Ceramic Tech Today

Nanotube aerogel sheets – better than real muscle?

By / March 20, 2009

Aerogels are incredibly lightweight (nearly lighter than air) and strong materials, and one of this blog’s most popular posts is a video demonstrating some amazing aerogel properties. Although it’s not a new material, I’ve felt that only recently have R&D techniques been able to mature enough to match aerogel’s capabilities. Indeed, now there is news…

Read More

House thieves: Think twice if that Jimi Hendrix poster looks especially bright

By / March 20, 2009

Via Gizmag, two Fraunhofer Institutes have teamed up to develop a clever and simple way of treating window glass to make it sensitive to motion and, thus, perfect for security purposes. The combination hardware-software system is able to discriminate between expected motion, i.e., a passing car, and suspicious movement that would warrant an alarm. The…

Read More

New MACS fills appetite for fast, accurate spectroscopy

By / March 19, 2009

NIST and Johns Hopkins University researchers have unveiled a new speedy and sensitive probe that may prove to be a godsend for nano scientists and related businesses. The NIST-JHU team calls the equipment a Multi-Axis Crystal Spectrometer. It is built on the technology developed in prior spectrometers at NIST’s Center for Neutron Research, where MACS…

Read More

Video of the week: Improved Outer Tactical Vest

By / March 18, 2009

One of the most prevelant forms of ceramic armor currently in use by the United States military is the IOTV. It went into large-scale use by the Marines in 2007 (nee, the MTV), and his since been relatively popular, as personal armor goes. It is lighter than the older Interceptor body armor and it is…

Read More

Oobleckpalooza bonus video of the week: Oobleck explained, sorta

By / March 18, 2009

The staff at Science Friday, too, senses the masses growing interest in all things oobleck and is shamelessly trying to ignore this blogs leadership efforts and elbow us out of the way. SciFri does trump us by getting two experts, University of Michigan’s Robert Deegan and University of Texas’ Harry Swinney, to unravel what is…

Read More

Museum touts transfer of F1 materials to everyday life

By / March 17, 2009

London’s Science Museum has a great new exhibit – Fast Forward: 20 ways F1 is changing our world. The “F1” reference is, of course, to auto racing, which has always been a testing ground of sorts for cutting edge materials and applications. The show has lots of examples of how F1 carbon composites are being…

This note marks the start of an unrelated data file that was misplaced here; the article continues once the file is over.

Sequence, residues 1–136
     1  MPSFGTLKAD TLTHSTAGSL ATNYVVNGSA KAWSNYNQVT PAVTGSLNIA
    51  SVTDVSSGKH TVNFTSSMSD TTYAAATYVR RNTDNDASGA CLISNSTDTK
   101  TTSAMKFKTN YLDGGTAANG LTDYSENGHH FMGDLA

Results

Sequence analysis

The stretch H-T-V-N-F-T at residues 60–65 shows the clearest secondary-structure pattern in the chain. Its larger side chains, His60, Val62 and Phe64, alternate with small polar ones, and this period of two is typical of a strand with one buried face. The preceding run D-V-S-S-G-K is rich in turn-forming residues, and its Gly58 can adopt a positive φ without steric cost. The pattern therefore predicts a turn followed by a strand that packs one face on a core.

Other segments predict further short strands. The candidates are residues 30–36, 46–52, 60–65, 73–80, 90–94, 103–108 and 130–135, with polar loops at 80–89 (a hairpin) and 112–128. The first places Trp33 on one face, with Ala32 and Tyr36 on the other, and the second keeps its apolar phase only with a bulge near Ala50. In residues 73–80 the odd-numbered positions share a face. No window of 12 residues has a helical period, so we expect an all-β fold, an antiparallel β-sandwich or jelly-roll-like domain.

Read More

MS&T’09 abstracts deadline extended

By / March 16, 2009

Organizers have announced that, due to high demand, the submission deadline for Materials Science & Technology 2009 Conference & Exhibition, slated for Oct. 25-29 in Pittsburgh, has been extended to March 31. MS&T is the leading forum in the United States addressing structure, properties, processing and performance across the materials community. Potential presenters are asked…

Read More

Deadline for ComSci applications approaching

By / March 16, 2009

The Commerce Science and Technology Fellowship program, now managed by NIST, was established in 1964 give senior federal employees a look behind the scenes of science and technology policy-making and management in Washington, and at the highest levels of industry and academia. Those selected for the program get to study the national and international issues…

Read More

Study: Magnetic field may improve bone biomineralization

By / March 16, 2009

Apropos to the new MS&T symposium on materials and the effects of electric and magnetic fields, I received a notice that there will be a paper presented tomorrow (March 17) at the annual meeting of the American Physical Society the explores possible routes for improving bone growth, grafts and implants, and looks at the role…

Read More

Manually counting concrete air voids?

By / March 15, 2009

Is this still the 1990s? I am no expert on concrete, but is it true that major highway departments still typically manually count air voids in concrete, as this story seems to indicate? “They look at 1,300 points across the surface and count the number of entrained and entrapped voids,” she said. “It is a…

Read More